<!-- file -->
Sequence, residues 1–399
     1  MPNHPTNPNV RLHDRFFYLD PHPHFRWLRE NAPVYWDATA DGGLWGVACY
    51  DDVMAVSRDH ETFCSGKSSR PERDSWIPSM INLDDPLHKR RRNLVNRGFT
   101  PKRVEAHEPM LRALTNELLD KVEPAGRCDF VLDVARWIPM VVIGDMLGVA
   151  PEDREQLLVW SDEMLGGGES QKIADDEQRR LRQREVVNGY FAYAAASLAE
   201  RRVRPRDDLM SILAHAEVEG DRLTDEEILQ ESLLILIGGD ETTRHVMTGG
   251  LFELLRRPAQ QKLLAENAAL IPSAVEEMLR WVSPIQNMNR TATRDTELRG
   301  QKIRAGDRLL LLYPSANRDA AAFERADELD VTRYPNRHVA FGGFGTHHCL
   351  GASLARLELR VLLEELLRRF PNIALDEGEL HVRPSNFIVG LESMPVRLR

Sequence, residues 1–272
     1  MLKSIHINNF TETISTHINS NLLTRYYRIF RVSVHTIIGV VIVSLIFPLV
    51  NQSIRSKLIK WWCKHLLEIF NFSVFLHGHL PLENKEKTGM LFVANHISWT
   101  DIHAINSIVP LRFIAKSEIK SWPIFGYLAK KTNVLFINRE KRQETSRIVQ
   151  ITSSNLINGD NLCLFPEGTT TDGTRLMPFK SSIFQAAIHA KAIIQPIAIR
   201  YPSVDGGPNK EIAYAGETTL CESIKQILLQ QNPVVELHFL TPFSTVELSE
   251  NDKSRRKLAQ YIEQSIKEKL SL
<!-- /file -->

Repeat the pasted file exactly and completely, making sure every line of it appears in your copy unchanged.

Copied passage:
Sequence, residues 1–399
     1  MPNHPTNPNV RLHDRFFYLD PHPHFRWLRE NAPVYWDATA DGGLWGVACY
    51  DDVMAVSRDH ETFCSGKSSR PERDSWIPSM INLDDPLHKR RRNLVNRGFT
   101  PKRVEAHEPM LRALTNELLD KVEPAGRCDF VLDVARWIPM VVIGDMLGVA
   151  PEDREQLLVW SDEMLGGGES QKIADDEQRR LRQREVVNGY FAYAAASLAE
   201  RRVRPRDDLM SILAHAEVEG DRLTDEEILQ ESLLILIGGD ETTRHVMTGG
   251  LFELLRRPAQ QKLLAENAAL IPSAVEEMLR WVSPIQNMNR TATRDTELRG
   301  QKIRAGDRLL LLYPSANRDA AAFERADELD VTRYPNRHVA FGGFGTHHCL
   351  GASLARLELR VLLEELLRRF PNIALDEGEL HVRPSNFIVG LESMPVRLR

Sequence, residues 1–272
     1  MLKSIHINNF TETISTHINS NLLTRYYRIF RVSVHTIIGV VIVSLIFPLV
    51  NQSIRSKLIK WWCKHLLEIF NFSVFLHGHL PLENKEKTGM LFVANHISWT
   101  DIHAINSIVP LRFIAKSEIK SWPIFGYLAK KTNVLFINRE KRQETSRIVQ
   151  ITSSNLINGD NLCLFPEGTT TDGTRLMPFK SSIFQAAIHA KAIIQPIAIR
   201  YPSVDGGPNK EIAYAGETTL CESIKQILLQ QNPVVELHFL TPFSTVELSE
   251  NDKSRRKLAQ YIEQSIKEKL SL